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The Dartmouth
April 14, 2024 | Latest Issue
The Dartmouth

MARCH MADNE$$: On a hectic day in Hanover, men’s basketball secures victories on and off the court

Dartmouth defeats Harvard 76-69 in their final contest of the season behind Dusan Neskovic’s 21 points.


It was an atypical evening in Leede Arena. As the visiting Harvard University Crimson traveled to Hanover, the press table was unusually stuffed with reporters from across the country. More pictures were taken, more questions were asked. 

In the background of the Dartmouth men’s basketball team’s historic vote to join their local labor union on Tuesday, there was a basketball game to be played.  

The Big Green began quickly, matching Harvard shot for shot as Jackson Munro ’26 recorded double figures before the break, where the Crimson led 41-38. 

Early in the second half, it appeared that there would be no happy ending for Dartmouth on this historic day, as Harvard opened up a 56-46 lead with 15 minutes to play. Big Green head coach David McLaughlin called a timeout to refocus his group.  

“We told them it was going to come down to finishing plays,” McLaughlin said. “We had to keep attacking. The ball has to go in the paint.”

Out of the timeout, the Big Green went on a 9-0 run to cut the deficit to one. Dartmouth took a lead they would never relinquish with a hook from Brandon Mitchell-Day ’26 with 6:12 remaining. 

“Coming into today, we knew it was going to come down to who wanted it more,” Mitchell-Day said. “We wanted to close this one out for our seniors.”

The dagger came late pushing the lead to seven, with a 1:11 corner three from Romeo Myrthil ’25 putting away Dartmouth’s second conference victory of the season, with the final score reading 76-69.

Dusan Neskovic ’24, the team’s leading scorer this season, tallied 21 points in his final contest in Leede Arena. 

“We had a mindset of winning this game together,” Neskovic said. “[I’m] just extremely proud of my guys.”

After the buzzer sounded, there was the realization that this would be the last contest for the Class of 2024. Minutes later, the largest media crowd of the season squeezed into the media lounge to talk about the item on everyone’s minds, the vote to unionize. 

Players spoke consistently about how Tuesday’s vote represented the togetherness of the team. Munro spoke on how important this vote was to almost everyone on the team. 13 out of the 15 players on the roster voted to join the union. 

“It was symbolic of something that almost our whole team wanted,” Munro said. “I think what we’re doing is historic. It’s definitely a cause I really support. However, basketball will always be the number one priority.”

McLaughlin said his focus was on the game.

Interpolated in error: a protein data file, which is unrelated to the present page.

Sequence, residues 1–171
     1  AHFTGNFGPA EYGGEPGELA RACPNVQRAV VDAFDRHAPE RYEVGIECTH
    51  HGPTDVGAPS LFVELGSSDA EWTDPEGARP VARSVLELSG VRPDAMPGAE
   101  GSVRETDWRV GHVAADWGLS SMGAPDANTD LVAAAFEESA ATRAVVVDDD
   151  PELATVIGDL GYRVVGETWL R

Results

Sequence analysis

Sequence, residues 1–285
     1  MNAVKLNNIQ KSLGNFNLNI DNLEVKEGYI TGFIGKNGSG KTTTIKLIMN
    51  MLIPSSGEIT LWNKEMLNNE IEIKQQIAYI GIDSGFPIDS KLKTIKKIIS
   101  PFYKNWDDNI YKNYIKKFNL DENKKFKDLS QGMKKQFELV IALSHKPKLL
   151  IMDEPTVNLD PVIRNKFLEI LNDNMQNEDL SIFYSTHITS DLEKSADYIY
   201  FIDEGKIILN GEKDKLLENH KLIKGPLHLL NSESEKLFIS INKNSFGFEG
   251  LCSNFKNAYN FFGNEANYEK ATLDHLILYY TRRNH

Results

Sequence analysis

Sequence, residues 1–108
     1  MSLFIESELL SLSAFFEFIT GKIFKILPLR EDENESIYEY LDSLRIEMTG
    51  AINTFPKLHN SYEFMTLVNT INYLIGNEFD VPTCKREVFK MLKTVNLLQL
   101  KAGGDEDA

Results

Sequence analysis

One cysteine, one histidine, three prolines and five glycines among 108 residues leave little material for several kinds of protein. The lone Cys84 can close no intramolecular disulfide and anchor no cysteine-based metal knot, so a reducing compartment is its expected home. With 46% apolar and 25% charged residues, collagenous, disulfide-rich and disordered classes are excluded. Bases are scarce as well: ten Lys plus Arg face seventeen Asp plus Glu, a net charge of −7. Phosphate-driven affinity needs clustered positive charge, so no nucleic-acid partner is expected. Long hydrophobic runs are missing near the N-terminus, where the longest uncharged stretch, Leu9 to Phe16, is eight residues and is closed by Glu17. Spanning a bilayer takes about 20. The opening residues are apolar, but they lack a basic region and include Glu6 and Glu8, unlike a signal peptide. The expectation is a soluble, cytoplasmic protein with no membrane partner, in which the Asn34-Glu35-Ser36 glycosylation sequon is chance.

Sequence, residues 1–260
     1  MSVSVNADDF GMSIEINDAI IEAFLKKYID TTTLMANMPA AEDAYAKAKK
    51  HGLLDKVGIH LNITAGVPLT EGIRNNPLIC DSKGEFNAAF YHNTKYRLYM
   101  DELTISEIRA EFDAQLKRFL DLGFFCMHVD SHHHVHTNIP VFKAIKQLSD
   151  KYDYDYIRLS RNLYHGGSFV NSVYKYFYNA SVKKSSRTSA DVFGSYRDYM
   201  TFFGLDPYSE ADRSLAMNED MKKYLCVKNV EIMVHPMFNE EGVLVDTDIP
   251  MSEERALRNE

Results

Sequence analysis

“It’s their views. My focus was to concentrate on tonight,” McLaughlin said. “They have to finish strong academically, that’s what my focus has been.”

Robert McRae III ’24 reinforced the team’s focus on basketball. 

“Tonight’s win showed that the guys care for each other,” McRae said. “[The unionization effort] hasn’t necessarily been a distraction, but it’s been a distracting factor.”

Jaren Johnson ’24, Munro and McRae spoke on the difficulty of balancing an Ivy League course load with hours of practice every day and trying to piece together part-time jobs. 

“We work our butts off on the court and in the classroom,” Johnson said. “I don’t think people really understand the gravity of that. I’ve had two, three internships every summer, and I don’t have any extra money like a bunch of the [collegiate athletes] around the country.”

“I think the NCAA has a stranglehold on all the players,” Munro said. “Their system is pretty outdated. I think it’s time for some change.”

“I think it’s unfair to ask a student athlete to have to work a job on the side on top of everything else,” McRae said. 

In the hours leading up to the game, the team received criticism for their record this season and were accused of wanting to “practice less” despite their last-place finish in the Ivy League, according to a reporter onsite. 

“If anyone believes that there is a single Division I athlete who wants to practice less, I don’t mean to be disrespectful, but they’re a fool,” McRae said in response.

“We video every practice,” McLaughlin added. “If anyone wants to watch a video, they can see how hard they work.” 

Cade Haskins ’25, the team’s representative throughout the unionization process, did not dress for the game because he was sidelined with an injury but commented on the importance of today’s vote. 

“We all saw the effects [of unionization] for the dining workers, and then you start asking, ‘Why aren’t we employees?’” Haskins said. “I guess you could say we went 2–0 on the day.”

In the spring of 2022, Dartmouth Dining employees voted unanimously to join the SEIU, the same labor union that the basketball team is attempting to join. After this union was announced, wages for workers within the union increased by 50%. 

In the aftermath of one of the most hectic days in the history of Dartmouth men’s basketball, questions remain about the direction of the program and McLaughlin’s future with the team. 

McLaughlin has gone seven seasons at Dartmouth without a winning record in the Ivy League. Dartmouth finished the season with a 2–12 record in Ivy League play and a 6–21 record overall. 

When asked two weeks ago about whether or not McLaughlin was concerned about returning for a ninth season, he spoke on the expectations of the program. 

“People at the Division I level want to win,” McLaughlin said. “It’s always going to be on your mind at some point.”